An all-electric future cannot be imagined without innovating new battery technologies. Lithium sulfur batteries offer five times more energy density than traditional lithium ion batteries. A promising new technology has been developed by researchers from Sweden’s Chalmers University of Technology which uses catholyte with help from a grapheme sponge.
The novel idea is to use a sponge-like porous aerogel made out of graphene oxide, which serves as a free standing electrolyte inside the battery cell to allow higher and better utilization of sulfur.
A conventional battery has four main parts: first includes two supporting electrodes coated by an active substance called as a cathode and an anode. The electrolyte between both the electrodes is generally a liquid which allows transfer of ions back and forth. The fourth part is a separator acting as a physical barrier which prevents any contact between the two electrodes to allow transfer of ions.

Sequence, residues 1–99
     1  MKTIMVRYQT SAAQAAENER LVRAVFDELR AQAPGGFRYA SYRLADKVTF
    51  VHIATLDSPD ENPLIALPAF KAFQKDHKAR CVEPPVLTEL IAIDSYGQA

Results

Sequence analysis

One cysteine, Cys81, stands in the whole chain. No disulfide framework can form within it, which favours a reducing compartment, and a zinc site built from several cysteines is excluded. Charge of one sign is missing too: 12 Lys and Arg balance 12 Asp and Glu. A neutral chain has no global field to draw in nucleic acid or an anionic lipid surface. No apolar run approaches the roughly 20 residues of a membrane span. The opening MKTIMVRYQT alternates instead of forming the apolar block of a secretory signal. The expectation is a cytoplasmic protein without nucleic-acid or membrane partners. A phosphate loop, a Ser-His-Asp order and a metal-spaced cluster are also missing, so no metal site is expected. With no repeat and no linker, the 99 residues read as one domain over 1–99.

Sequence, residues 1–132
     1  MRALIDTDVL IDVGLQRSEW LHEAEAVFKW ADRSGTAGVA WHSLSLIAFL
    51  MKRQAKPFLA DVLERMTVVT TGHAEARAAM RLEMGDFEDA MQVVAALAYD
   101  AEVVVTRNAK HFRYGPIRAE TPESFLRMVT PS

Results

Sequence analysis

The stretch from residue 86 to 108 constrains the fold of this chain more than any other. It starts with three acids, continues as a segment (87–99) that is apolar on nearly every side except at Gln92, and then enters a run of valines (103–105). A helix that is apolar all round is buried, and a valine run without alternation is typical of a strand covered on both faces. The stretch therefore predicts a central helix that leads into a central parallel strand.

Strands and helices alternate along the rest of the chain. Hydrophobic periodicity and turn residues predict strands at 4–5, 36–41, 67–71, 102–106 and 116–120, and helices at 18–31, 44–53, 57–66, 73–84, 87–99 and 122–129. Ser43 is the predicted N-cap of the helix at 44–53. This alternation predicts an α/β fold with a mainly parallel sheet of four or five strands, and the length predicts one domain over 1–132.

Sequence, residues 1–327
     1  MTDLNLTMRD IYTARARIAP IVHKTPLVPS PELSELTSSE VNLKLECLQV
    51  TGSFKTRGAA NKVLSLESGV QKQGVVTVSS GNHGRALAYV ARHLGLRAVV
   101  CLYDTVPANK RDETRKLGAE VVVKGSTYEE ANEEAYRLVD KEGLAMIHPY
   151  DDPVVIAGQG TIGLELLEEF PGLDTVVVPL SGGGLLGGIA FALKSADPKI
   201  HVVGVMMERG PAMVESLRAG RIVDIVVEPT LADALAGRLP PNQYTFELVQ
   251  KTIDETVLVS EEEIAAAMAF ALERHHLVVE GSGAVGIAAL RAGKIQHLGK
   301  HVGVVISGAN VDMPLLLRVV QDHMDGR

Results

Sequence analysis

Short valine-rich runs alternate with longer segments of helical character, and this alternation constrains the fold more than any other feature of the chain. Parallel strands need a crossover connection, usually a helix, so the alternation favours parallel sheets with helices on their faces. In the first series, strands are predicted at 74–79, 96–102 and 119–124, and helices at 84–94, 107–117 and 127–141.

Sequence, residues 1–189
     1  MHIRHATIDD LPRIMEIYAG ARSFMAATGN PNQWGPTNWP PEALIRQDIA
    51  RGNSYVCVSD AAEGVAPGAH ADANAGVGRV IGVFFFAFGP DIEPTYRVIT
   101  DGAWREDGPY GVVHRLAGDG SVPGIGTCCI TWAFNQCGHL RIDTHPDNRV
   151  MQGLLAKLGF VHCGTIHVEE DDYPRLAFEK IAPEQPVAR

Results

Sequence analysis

The team of researchers experimented by combining an electrolyte and a cathode into one single liquid called ‘catholyte’. Much weight in a battery can be saved by the new concept which offers better power capabilities and a significantly faster charging. The application of the new graphene aerogel has proven a viable and promising option.
The researchers inserted a thin layer of graphene aerogel in a standard coil cell battery. The lead researcher of the study from the Chalmer’s Department of physics, Carmen Cavallo said that they took the long thin cylindrical aerogel and sliced them into a slice like a salami and then they compressed it to accommodate in a battery. A sulfur rich solution then added to the battery and the porous aerogel soaks up the solution like a sponge.
Carmen Cavallo said that the key element of the graphene aerogel is its porous structure which is capable of soaking large amounts of catholyte giving a high sulfur loading to make the concept viable. The semi liquid catholyte is the most essential part of the technology as it allows for sulfur to cycle circularly without any losses. As it’s already dissolved in the catholyte solution, there is no loss through dissolution.
The problem with the current lithium sulfur batteries is the instability and the low cycle life. The degeneration rate of current versions is fat which makes for a limited life span with low cycle numbers. The new prototype developed by the Chalmers team has proven a capacity retention of 85% after 350 cycles.
Santosh Kumar is a respected voice in the ICT domain. He has authored over 30 studies pertaining to cloud, cybersecurity, AI, and Big Data.